In Polish, feta primarily means celebration, although the cheese meaning is probably more prevalent now (and yes, we use it for every salty white cheese). In the global market there are going to be many different meanings of every (especially short) word. I remember the wipo case with pupa.com. For some it's an Italian cosmetics brand, while for others it's just a stage of insect metamorphosis, and for me (in Polish) it's a baby's bottom... :asshat:
 
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I've been invited down to the Welsh gov. next month for a meeting (re: their cheeses)

Any organization responsible for a PDO should consider seeking protection of the PDO as what is called a "certification mark". These are types of trademarks in which the trademark owner is not the producer of the goods or services, but which establishes some kind of standard required of others who are licensed by the certification mark owner to produce the goods or services bearing the mark.

Interestingly, one of the better known Welsh cheeses, named after its place of origin in Caerphilly, is a registered mark for cookware owned by a private company. That would not, of course, preclude seeking certification mark protection for Caerphilly, so long as it does function in the marketplace as indicating that the cheese is made in accordance with whatever standard is required by the certifying organization.
 
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In Polish, feta primarily means celebration, although the cheese meaning is probably more prevalent now (and yes, we use it for every salty white cheese). In the global market there are going to be many different meanings of every (especially short) word. I remember the wipo case with pupa.com. For some it's an Italian cosmetics brand, while for others it's just a stage of insect metamorphosis, and for me (in Polish) it's a baby's bottom... :asshat:
Which is sad, because in reality actually tasting the genuine PDO product it's another breed entirely.

Thinking out loud, maybe it would be worth investigating and possibly raising general public awareness to the PDO badge to restore some control and distinguish quality? I personally had no idea what PDO and the badge meant until I got into the cheese business.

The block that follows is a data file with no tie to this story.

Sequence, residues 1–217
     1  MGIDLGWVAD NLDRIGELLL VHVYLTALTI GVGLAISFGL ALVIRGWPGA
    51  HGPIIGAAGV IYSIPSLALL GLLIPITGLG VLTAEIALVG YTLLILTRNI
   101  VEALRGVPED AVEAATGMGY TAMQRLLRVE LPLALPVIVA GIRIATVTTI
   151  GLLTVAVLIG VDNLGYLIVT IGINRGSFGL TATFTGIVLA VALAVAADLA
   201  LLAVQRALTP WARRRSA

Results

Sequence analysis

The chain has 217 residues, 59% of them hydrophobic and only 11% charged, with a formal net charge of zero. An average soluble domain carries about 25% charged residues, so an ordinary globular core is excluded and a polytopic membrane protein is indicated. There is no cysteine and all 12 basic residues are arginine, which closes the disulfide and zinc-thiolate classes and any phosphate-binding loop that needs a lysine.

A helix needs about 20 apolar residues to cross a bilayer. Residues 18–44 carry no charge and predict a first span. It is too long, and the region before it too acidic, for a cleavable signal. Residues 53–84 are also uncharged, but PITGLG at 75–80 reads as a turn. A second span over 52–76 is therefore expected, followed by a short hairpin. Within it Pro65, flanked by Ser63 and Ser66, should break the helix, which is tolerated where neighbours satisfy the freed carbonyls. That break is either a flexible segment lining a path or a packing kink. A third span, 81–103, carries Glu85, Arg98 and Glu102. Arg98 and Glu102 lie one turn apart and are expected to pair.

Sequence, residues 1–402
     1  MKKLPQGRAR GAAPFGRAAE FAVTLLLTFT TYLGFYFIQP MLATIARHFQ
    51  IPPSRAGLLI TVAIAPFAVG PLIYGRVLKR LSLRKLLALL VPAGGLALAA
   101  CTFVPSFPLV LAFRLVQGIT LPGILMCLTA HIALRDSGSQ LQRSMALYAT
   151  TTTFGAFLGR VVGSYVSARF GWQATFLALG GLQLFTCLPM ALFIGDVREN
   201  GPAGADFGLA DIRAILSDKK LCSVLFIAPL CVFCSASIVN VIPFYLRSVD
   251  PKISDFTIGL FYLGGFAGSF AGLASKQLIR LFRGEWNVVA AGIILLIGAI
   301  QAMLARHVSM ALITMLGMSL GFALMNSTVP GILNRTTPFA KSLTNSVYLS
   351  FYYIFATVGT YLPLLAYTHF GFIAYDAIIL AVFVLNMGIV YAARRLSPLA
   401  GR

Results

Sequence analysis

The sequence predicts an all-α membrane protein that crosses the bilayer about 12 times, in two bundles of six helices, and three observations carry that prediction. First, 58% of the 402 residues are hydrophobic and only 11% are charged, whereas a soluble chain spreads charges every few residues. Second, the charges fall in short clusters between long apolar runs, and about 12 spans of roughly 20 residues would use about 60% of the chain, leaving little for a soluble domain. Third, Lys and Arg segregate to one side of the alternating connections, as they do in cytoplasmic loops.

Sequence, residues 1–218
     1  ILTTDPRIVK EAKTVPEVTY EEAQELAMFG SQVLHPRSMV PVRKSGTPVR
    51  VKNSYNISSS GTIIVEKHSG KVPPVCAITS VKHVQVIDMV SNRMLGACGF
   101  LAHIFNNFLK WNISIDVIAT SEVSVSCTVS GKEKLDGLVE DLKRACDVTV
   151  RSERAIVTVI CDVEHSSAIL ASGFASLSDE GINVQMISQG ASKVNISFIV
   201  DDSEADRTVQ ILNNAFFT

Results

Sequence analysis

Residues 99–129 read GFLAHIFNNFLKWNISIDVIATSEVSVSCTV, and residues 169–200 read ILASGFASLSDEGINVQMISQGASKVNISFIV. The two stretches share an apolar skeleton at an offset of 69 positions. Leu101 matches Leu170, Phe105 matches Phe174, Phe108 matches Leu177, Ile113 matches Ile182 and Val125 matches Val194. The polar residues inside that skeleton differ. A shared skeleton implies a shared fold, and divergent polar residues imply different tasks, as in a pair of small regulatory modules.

That case has one of the best explanations of where, roughly, you might expect a line to be drawn:

While every protected geographical indication may inevitably become distinctive of the reputation for particular style or quality which is associated with the relevant protected goods, it seems to this Panel that that is not the kind of “acquired distinctiveness” which will of itself be enough to confer “trademark or service mark” status for the purposes of paragraph 4(a)(i) of the Policy. As this Panel sees it, to hold otherwise would be to turn on its head the decision made by the framers of the Policy, that geographical indications as such would not be within the Policy’s scope. “Champagne” may be among the world’s most famous geographical indications, but that in itself is not enough for it to qualify as an unregistered “trademark or service mark” under the Policy. For a geographical indication to be found to have acquired such status, something more than potential eligibility to succeed in a passing off action would be required. In particular, it would be necessary to show distinctiveness as an identifier of an individual trade source. On the record in this proceeding, the Panel is not persuaded that the Complainant has proved that kind of distinctiveness under the Policy. The Complainant’s claim that it possesses unregistered trademark rights in a “Champagne” mark has therefore not been made out. There having been no evidence provided to the Panel of the Complainant possessing any relevant registered trademark or service mark, the Complainant has failed to make out its case under paragraph 4(a)(i) of the Policy.